These were the names of enslaved men, women and children from a register of slaves on a Jamaican plantation, made by a white British-colonial slaveholder in 1813. I transcribed them back in 2013. I didn’t know why at the time. Not really. I had been working on the letters and life of Simon Taylor, the powerful and wealthy Jamaican planter for some time. My main project was to find out about him and his world. But what about the 2,000 and more enslaved people who Taylor ‘owned’ when he died in 1813? What was my work doing about them?  Working from the probate inventory of all Taylor’s property at the time of his death, I began transcribing these two-hundred-year-old names and any other information listed about the people in the list: occupation, state of health, gender, age, … the cash value ascribed to them by the man who made the list. I kept going until I had written out the names of every single person listed in that inventory. It took several days, and I did not quite know what I would do with the material.

These lists were themselves part of the technology that kept people enslaved. They kept a record of people and reduced them to a name (most likely not of their own choosing) and brief comments about their use as workers and value to slaveholders – information that helped regiment workers and facilitate their transfer from one owner to another. There are a lot of things that a historian can do with this kind of evidence about enslaved people. And even though this is bald and problematic data, it has started to give me at least some insight into the lives led by people forced to live and work on Taylor’s Jamaican properties, which I’m writing up as part of a book project that I plan to finish next year.

In the hands of someone like Elaine though, names and lists can be used in other ways. Representing this material not in a book but through performance can take our understanding of slavery – and our thinking and relationship with this aspect of our shared and knotted history – into different dimensions.

‘Buck, Man, Field, Able, £40; Buller, Boy, Hog Boy, Healthy, £70; Fanny, Girl, £100; Fatima, Woman, Field, Able, £90’. To read out all of the people on the list like this, steadily, evenly, without stopping would take five hours. To even just start to do that, for one thing, confronts us with the brute facts of people reduced to names on a list with other information that was useful to someone but not to the people themselves. It gestures at the scale of this system, and of the workaday characteristics (just names on a list) of an atrocity that wrecked and ended lives, that continues to haunt and shape us. The experience of reading or hearing this list though resonates beyond that … it has a suggestive pathos and power that I cannot yet really begin to describe, and which perhaps simply goes beyond what words can say.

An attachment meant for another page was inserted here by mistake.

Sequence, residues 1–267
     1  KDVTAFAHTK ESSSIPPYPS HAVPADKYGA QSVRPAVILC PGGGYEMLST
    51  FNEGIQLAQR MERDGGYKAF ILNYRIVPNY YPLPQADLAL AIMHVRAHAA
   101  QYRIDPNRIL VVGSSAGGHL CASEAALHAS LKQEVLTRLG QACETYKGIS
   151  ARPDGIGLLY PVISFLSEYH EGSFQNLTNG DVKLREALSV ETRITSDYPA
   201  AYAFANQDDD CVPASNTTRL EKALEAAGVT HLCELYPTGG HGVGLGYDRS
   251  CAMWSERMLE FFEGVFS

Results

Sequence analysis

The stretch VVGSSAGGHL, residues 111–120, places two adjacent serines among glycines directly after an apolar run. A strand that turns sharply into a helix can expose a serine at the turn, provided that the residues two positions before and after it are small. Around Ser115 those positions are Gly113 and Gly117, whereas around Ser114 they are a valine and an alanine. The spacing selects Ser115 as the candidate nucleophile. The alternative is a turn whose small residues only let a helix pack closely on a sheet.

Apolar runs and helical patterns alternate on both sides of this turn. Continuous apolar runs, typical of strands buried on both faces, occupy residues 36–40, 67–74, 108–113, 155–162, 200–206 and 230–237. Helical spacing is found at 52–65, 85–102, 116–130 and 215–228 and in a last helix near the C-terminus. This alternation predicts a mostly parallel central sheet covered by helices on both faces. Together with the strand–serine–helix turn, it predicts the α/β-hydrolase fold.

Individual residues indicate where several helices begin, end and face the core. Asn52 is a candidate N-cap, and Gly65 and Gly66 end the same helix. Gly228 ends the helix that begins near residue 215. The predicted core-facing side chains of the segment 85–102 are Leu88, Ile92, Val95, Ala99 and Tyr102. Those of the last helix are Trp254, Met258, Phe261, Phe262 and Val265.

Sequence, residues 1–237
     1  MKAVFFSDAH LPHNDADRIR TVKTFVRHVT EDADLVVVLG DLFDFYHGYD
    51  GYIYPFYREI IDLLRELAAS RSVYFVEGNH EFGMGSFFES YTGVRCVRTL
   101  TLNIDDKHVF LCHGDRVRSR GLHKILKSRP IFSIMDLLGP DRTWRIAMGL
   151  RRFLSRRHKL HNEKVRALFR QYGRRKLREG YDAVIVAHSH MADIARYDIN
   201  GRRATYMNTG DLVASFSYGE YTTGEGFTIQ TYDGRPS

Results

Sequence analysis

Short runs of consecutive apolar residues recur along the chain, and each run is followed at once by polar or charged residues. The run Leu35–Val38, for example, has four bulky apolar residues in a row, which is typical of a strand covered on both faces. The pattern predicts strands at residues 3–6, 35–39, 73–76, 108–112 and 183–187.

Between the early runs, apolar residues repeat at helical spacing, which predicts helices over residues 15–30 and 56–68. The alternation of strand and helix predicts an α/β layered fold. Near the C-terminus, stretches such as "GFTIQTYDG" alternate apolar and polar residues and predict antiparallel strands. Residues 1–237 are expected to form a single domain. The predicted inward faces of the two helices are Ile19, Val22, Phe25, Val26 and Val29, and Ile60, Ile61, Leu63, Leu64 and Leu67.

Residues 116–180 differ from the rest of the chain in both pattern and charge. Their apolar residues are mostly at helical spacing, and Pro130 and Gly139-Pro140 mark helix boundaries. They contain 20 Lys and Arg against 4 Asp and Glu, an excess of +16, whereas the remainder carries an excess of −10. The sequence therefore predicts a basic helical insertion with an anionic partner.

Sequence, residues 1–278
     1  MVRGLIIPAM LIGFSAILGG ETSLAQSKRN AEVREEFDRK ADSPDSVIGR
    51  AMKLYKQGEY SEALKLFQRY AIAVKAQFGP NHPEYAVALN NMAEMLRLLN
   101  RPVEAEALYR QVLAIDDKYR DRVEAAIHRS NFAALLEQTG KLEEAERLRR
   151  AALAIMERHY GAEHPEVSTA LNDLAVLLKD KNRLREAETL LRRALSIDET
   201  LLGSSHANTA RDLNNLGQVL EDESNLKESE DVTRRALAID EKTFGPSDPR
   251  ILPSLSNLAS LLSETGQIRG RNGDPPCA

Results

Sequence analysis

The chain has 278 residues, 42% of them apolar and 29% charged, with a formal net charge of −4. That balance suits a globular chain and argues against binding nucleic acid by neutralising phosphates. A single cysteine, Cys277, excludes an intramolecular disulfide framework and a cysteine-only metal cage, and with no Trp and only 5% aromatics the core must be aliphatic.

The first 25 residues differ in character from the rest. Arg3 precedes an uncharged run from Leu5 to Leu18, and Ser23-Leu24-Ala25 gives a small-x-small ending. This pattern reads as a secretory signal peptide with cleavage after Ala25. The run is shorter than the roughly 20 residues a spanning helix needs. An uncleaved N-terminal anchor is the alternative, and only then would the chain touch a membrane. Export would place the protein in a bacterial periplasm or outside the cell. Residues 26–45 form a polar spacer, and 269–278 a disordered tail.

I don’t yet know whether the work Elaine and I did on that day will form part of the Sweet Tooth piece that we we will start to shape at the end of the month, or whether they might be used in different ways. But I was grateful to be working in unexpected ways, outside my typical zone of comfort … and to have copied out the list.

Work in progress Sweet Tooth will be shared at the Turner Sims Concert Hall, Southampton at 7pm on Wednesday 29th June: Click Here

Our work will also be showcased at the Snape Proms, Suffolk at 6pm on Thursday 11th August: Click Here

Snape Proms

Sweet tooth is supported by Arts Council England, Aldeburgh Music, University of Southampton, St George’s Bloomsbury, Centre 151, Trinity Laban Conservatoire of Music and Dance, and Bluecoat Liverpool

Sweet Tooth Tickets

Sweet toothTickets are now available for Sweet Tooth at Turner Sims, Southampton, 7pm on 29 June 2016. This is our first showcasing of work in progress. Come and join us!

How do we make sense of slavery? How can we represent its legacies? How do we breathe life into the human stories of enslavement, forced movement, suffering and renewal from the dry facts left behind in historical documents?

Historians try to do those things—usually in books or lectures. But how can the work of bearing witness to slavery be embodied by other practitioners? Using documents from eighteenth-century Jamaica, drawing in the work of a historian with that of an experimental ensemble of musicians specialising in sound and movement, Sweet Tooth is an innovative and cross-disciplinary initiative that explores the part-hidden histories of Britain’s relationship with the Caribbean and with slavery.

This will be a first public sharing of our work in progress, as we research and develop new ways of confronting and feeling a past that continues to groan and shift, restlessly in our present.

The event is free but a ticket is required. Click here to book.

Sweet tooth is supported by Arts Council England, Aldeburgh Music, University of Southampton, St George’s Bloomsbury, Centre 151, Trinity Laban Conservatoire of Music and Dance, and Bluecoat Liverpool

Sweet tooth


Hamilton is ‘the musical of the Obama era’, according to Adam Gopnik in a recent article in The New YorkerIt is a story about one of America’s Founding Fathers, brought to the stage via the medium of hip-hop, along with many other modern musical styles—from R&B and soul through to boogie-woogie and Britpop. And it is clear that the show’s prodigiously talented creator, Lin-Manuel Miranda, is keen to be associated with Obama, and vice versa. Continue reading